Back at the Convention Center the line for Neil deGrasse Tyson is long but moving briskly. Full disclosure: Never heard of him before but the keynote speakers are usually good so I go and raise my eyebrows in appreciation when he's introduced as an astrophysicist, director of the Hayden Planetarium, the man who demoted Pluto as a planet and host of the new iteration of Cosmos, the TV show made famous by Carl Sagan. As if that isn't enough he's incredibly entertaining, getting laughs distilling complicated scientific concepts into bite-size nuggets. No wonder he was asked to fill Carl Sagan's shoes. Takeaway: He doesn't believe in astrology.

The next morning is anything but a lazy Sunday. A fat schedule of events demand my attention and I opt for "Equipping & Inspiring the Next Generation" with Dean Kamen, best known as the man who invented the Segway. Turns out he's done lots of other things, too: he holds more than 440 U.S. and foreign patents, many of them for innovative medical devices. A repeat presenter, he updates the audience about ongoing products like a robotic arm that an amputee or soldier who has had his arm blown off can use to pick up a grape and eat it. He also hypes FIRST (For Inspiration and Recognition of Science and Technology), his non-profit that works with kids to get them into science. Today he's most proud of a purifying station he's invented for countries with undrinkable water, teaming up with Coca-Cola's vast distribution network to get it where its needed. Coca-Cola wants the devices and the stations painted Coca Cola red but are otherwise glad to support the program. Question: Mr Kamen, how do you feel teaming up with a company at least partially responsible for the world's obesity epidemic because it markets carbonated sugar-loaded drinks to kids.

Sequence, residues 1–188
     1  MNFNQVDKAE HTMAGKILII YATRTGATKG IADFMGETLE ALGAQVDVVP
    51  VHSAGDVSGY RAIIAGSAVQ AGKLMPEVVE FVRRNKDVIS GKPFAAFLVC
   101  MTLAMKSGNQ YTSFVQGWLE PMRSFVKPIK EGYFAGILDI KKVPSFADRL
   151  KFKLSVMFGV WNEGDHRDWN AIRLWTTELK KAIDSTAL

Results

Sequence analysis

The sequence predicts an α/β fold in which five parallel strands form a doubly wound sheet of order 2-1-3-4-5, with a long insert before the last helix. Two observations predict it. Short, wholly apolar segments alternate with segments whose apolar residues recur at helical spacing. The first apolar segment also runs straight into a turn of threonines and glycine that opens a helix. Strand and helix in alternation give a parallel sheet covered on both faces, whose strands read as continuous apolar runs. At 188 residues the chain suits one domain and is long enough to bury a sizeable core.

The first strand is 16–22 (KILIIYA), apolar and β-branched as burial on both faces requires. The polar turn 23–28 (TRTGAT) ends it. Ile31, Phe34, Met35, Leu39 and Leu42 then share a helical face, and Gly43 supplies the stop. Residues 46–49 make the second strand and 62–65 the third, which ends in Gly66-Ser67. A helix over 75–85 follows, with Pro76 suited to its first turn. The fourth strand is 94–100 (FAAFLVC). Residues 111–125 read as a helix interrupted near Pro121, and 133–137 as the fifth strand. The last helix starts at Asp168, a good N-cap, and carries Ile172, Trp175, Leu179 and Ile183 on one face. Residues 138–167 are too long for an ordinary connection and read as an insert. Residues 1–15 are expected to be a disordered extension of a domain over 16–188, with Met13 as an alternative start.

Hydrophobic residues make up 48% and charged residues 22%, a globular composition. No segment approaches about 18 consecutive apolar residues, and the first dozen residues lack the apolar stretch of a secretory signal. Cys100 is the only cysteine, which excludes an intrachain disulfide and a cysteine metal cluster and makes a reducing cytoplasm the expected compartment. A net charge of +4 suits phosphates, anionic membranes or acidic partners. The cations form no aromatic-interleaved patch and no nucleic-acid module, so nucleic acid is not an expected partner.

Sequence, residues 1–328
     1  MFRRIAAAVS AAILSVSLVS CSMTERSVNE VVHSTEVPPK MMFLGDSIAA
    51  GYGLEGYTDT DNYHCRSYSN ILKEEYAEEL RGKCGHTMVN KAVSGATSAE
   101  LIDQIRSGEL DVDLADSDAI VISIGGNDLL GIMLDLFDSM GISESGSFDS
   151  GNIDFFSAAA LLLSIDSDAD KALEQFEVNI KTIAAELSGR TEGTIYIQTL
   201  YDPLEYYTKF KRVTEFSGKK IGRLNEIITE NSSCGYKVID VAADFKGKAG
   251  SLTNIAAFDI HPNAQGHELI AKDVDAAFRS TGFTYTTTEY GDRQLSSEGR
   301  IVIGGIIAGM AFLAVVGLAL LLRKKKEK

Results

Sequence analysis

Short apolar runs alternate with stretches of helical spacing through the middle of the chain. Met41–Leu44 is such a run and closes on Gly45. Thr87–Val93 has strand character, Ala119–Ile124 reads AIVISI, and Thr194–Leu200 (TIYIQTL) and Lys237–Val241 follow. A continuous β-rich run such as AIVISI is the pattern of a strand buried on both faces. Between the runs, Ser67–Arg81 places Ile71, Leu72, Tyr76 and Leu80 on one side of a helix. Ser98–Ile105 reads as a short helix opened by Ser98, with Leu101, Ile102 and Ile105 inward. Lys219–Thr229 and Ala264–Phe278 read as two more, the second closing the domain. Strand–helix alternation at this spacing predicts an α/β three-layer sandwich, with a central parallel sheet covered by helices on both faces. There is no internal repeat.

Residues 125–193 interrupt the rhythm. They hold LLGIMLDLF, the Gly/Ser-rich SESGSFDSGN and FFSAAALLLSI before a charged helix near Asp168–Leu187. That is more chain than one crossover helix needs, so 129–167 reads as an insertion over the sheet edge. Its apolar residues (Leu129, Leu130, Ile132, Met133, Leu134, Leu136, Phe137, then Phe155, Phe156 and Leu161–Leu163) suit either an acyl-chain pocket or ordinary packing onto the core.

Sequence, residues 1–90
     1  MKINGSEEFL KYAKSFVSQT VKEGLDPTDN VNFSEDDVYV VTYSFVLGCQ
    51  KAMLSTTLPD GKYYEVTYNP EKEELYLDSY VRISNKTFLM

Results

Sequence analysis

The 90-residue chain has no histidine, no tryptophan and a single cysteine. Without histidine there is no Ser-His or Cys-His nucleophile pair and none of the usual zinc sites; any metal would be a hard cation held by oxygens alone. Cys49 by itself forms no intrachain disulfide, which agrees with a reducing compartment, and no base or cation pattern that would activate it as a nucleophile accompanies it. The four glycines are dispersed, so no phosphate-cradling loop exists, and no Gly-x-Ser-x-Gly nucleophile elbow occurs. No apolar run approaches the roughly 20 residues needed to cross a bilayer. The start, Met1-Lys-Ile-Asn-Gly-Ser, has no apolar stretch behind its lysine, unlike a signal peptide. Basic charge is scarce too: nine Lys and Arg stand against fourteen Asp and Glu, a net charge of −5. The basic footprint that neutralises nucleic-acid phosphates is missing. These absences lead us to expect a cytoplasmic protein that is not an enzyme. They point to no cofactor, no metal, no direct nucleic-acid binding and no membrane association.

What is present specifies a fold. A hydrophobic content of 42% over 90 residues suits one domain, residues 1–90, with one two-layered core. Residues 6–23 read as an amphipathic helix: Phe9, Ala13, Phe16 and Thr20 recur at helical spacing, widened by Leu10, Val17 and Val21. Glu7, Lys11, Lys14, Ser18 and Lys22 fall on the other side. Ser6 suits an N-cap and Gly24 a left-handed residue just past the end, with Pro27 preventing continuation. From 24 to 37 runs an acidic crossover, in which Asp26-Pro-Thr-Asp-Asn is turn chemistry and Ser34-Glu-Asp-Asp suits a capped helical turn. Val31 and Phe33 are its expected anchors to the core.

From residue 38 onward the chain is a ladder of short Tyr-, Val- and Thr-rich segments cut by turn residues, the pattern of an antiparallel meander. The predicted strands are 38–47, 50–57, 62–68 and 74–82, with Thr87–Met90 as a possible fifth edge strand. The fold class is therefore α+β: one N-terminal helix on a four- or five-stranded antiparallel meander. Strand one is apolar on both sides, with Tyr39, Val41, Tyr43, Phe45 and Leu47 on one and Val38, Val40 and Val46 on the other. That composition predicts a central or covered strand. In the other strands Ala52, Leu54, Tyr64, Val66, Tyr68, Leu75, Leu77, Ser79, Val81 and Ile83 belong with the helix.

Next stop: "Running the Show: TV's New Queen of Comedy" with star, head writer and show runner Mindy Kaling and her Mindy Project co-stars Adam Pally and Ike Barinholtz. Kaling is not only a star but an inspiration for young women who feel stifled in a man's world, one of a small group -- along with Tina Fey, Amy Poehler and Lena Dunham -- who are breaking the glass ceiling. Clearly hanging on to her every word, fans of The Office who have moved on with Mindy to her new home, are in heaven until the mood turns with a question from a member of the audience along the lines of "why aren't there more people of color on the show?" Kaling, of Indian descent, bristles, countering that she's asked that question more often than any show runners with all-white casts. Why is that?

Afterwards, I walk in and out of a discussion between Silicon Valley veteran John Battelle and Sundar Pichary, VP of Google Product Management about Android, ChromeCast and all things googly. It's too dry and techie so instead I head over to a small room designed for 15-minute presentations and catch the tail end of "Hacking Hollywood" by Ralph Echemendia -- "The Ethical Hacker." As Hollywood increasingly incorporates multiple technologies in their production workflows, the threats of leaks and security breaches proliferate. To my delight and horror, he live hacks a home computer and blithely declares that everyone will be hacked sooner or later. Disturbing.